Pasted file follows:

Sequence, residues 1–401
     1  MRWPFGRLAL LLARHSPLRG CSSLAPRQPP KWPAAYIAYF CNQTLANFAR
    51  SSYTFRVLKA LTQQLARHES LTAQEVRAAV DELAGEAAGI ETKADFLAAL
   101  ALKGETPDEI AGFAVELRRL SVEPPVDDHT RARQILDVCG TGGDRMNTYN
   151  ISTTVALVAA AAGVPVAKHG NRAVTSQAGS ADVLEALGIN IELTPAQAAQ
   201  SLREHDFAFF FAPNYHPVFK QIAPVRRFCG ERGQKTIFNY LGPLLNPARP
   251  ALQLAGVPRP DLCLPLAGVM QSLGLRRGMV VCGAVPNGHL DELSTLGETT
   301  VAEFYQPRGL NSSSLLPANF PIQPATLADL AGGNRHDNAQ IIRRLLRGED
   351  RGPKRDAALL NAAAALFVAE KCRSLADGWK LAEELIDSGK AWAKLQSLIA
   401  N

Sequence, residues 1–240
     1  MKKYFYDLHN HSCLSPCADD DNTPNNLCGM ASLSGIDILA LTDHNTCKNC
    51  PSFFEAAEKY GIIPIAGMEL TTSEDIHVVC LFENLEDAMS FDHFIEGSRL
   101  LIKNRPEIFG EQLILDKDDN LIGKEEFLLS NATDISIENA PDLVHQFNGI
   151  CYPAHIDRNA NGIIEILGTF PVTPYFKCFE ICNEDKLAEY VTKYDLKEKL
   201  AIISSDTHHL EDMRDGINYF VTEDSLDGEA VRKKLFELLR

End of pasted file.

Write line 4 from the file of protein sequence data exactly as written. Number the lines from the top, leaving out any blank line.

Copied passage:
   101  ALKGETPDEI AGFAVELRRL SVEPPVDDHT RARQILDVCG TGGDRMNTYN